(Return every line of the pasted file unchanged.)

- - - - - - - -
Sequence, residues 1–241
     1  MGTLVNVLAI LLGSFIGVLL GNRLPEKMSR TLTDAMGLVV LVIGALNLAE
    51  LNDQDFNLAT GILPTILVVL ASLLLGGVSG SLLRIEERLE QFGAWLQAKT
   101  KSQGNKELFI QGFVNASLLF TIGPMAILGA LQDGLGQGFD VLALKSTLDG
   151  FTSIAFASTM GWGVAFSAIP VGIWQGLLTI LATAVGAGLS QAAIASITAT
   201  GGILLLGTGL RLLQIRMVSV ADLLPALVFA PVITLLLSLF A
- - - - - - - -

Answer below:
Sequence, residues 1–241
     1  MGTLVNVLAI LLGSFIGVLL GNRLPEKMSR TLTDAMGLVV LVIGALNLAE
    51  LNDQDFNLAT GILPTILVVL ASLLLGGVSG SLLRIEERLE QFGAWLQAKT
   101  KSQGNKELFI QGFVNASLLF TIGPMAILGA LQDGLGQGFD VLALKSTLDG
   151  FTSIAFASTM GWGVAFSAIP VGIWQGLLTI LATAVGAGLS QAAIASITAT
   201  GGILLLGTGL RLLQIRMVSV ADLLPALVFA PVITLLLSLF A